Abstract

Background
Creating and producing welfare with citizens has been trendy governmental rhetoric for the last decades, involving partnerships between municipalities, civil societies, and the citizens, aimed to mobilize citizens’ and civil societies’ resources. Co-creation and co-production are topical approaches to involve citizens in improving municipal health services or contributing to service production to balance scarce municipal resources and better target services to citizens’ needs. However, challenging in applicating the concept in practice has resulted in several new definitions being applied within Health and Social Care research. This has led to studies failing to define the concept or to involve citizens in the process. Thus, we aim to clarify the co-creation and co-production concepts to underpin their applicability when involving older people in community health services.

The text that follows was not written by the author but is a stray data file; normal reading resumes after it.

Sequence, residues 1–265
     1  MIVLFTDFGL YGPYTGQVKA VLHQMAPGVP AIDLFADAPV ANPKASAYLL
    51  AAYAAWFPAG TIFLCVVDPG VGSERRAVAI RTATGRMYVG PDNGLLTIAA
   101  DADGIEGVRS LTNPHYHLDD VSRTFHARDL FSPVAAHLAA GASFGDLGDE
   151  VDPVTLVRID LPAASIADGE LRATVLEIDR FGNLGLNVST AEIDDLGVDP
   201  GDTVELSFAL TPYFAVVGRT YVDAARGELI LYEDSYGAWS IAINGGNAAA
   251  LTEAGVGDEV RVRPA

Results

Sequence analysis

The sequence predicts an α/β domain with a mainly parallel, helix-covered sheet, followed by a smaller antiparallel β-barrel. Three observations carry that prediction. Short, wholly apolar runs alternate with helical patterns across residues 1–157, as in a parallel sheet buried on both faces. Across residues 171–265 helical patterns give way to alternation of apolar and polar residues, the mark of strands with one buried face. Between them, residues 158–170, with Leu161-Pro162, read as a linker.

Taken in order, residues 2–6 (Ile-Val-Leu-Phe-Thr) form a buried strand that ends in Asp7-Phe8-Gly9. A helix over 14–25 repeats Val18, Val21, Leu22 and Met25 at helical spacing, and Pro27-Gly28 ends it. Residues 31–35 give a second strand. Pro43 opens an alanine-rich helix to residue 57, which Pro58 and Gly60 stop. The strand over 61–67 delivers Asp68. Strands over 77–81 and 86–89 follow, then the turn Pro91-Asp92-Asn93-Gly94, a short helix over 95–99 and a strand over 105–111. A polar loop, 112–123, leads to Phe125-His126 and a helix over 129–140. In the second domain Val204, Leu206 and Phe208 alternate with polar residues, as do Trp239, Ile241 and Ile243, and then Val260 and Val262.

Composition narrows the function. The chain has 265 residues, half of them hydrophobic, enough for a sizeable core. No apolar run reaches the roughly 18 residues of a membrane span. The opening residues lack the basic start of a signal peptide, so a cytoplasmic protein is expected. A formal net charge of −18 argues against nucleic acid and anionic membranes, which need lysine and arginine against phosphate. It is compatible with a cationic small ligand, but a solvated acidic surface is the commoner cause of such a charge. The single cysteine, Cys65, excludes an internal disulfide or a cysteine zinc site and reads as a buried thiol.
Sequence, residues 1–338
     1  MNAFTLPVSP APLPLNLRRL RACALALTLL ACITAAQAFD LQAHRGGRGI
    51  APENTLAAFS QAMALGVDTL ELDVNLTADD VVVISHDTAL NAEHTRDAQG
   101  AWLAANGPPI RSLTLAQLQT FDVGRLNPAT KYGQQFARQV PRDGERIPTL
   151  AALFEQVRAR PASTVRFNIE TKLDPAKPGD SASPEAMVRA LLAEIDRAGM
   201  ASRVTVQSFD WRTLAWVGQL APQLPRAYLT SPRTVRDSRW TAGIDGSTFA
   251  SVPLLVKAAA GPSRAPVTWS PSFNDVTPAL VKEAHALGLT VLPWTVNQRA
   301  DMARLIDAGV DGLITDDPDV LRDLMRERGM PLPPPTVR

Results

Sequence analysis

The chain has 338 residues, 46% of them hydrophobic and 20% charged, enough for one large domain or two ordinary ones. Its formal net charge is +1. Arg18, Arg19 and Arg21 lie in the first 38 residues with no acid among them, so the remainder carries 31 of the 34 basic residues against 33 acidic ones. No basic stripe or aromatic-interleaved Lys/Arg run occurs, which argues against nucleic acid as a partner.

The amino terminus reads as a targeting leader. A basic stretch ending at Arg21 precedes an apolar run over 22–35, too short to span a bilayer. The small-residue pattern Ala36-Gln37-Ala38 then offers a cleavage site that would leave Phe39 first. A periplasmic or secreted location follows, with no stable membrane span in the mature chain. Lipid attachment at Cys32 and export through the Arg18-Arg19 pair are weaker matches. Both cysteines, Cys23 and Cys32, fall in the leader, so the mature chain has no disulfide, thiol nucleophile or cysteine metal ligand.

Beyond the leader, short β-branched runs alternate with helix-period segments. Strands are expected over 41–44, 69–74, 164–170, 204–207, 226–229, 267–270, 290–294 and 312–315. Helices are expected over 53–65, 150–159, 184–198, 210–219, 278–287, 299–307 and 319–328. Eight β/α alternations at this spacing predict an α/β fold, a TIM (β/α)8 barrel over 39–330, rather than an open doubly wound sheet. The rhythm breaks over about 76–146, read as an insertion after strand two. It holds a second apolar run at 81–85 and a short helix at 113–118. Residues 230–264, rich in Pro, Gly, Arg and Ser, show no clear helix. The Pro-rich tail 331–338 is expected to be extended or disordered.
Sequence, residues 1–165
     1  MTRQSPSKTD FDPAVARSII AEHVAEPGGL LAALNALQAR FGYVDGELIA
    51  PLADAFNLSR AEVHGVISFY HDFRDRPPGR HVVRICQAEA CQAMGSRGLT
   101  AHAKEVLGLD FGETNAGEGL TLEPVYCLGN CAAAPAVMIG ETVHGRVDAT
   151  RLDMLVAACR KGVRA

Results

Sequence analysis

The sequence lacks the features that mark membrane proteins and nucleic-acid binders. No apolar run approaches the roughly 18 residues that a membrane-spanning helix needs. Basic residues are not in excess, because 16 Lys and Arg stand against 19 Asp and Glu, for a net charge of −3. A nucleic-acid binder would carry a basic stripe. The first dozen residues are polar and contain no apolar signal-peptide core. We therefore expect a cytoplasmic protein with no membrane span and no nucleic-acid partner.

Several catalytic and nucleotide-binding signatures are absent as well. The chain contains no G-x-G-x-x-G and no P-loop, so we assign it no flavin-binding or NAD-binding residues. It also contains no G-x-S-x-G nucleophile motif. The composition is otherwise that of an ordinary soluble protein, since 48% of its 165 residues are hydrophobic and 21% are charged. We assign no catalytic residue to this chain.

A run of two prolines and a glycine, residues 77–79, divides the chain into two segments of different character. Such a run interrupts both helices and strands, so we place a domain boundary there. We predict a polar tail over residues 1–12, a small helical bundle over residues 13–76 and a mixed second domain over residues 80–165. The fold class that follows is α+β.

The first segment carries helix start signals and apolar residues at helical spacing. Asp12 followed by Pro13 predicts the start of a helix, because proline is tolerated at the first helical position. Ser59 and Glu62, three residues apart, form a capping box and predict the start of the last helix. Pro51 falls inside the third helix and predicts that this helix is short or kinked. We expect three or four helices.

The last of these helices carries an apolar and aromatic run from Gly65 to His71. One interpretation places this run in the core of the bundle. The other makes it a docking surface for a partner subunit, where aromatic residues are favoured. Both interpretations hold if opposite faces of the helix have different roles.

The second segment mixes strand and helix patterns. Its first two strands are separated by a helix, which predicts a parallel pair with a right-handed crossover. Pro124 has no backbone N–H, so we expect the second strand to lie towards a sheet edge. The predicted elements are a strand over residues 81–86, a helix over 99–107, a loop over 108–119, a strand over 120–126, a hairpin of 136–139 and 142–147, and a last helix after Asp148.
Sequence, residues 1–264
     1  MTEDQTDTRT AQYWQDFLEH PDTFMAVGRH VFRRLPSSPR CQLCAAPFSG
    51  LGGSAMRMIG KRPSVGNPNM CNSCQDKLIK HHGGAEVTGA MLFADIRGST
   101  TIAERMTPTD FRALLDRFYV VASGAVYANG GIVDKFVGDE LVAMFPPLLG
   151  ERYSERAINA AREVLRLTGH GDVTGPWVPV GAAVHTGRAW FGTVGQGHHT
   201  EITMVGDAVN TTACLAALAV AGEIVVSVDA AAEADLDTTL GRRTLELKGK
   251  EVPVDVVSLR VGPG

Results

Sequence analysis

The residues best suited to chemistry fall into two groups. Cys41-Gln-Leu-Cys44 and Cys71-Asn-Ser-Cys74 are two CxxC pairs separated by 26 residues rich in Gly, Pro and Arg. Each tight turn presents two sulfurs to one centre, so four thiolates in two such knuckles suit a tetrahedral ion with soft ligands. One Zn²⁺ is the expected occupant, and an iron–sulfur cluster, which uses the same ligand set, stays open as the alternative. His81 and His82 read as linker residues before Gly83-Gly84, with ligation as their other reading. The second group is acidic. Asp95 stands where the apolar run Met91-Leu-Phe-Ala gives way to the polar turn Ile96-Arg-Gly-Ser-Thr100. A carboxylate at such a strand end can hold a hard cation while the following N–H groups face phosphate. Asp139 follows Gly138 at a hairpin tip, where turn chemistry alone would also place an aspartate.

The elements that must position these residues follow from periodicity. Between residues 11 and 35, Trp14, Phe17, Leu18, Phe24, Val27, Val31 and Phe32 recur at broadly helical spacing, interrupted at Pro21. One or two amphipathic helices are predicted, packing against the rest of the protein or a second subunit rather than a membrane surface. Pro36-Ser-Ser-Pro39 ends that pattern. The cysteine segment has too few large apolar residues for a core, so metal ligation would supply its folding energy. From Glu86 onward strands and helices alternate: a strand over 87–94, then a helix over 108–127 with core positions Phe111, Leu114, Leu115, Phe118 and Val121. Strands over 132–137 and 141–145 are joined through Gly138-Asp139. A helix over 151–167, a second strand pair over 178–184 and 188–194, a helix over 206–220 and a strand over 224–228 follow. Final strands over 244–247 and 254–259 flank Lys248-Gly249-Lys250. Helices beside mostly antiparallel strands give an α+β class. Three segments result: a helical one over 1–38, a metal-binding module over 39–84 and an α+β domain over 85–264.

Methods
We draw on theoretical knowledge of co-creation and co-production based on Brandt and Honnigh (2018) conceptualization, combined with results from a scoping review, which explored co-production within health services among older people. We searched six databases across health and social science, 22 studies met the inclusion criteria.

Results
A theoretical agreement exists on how to conceptualize co-creation and co-production. However, the scoping review found that co-production is randomly applied across different theoretical concepts, such as public involvement, co-creation, and co-production. Co-production was applied in 1) intervention and service development, 2) service provision, and 3) the design and process of research.

Conclusions
Contributing to disseminating the concepts may help qualify the applicability within community health services among older people. There remains an unexplored potential in activating resources and involving citizens through co-creation and co-production. However, concept clarity is needed to underpin co-creation and co-production processes.
Original languageEnglish
JournalEuropean Journal of Public Health
Volume33
Issue numberSuppl. 2
Pages (from-to)291
ISSN1101-1262
DOIs
Publication statusPublished - 1 Oct 2023

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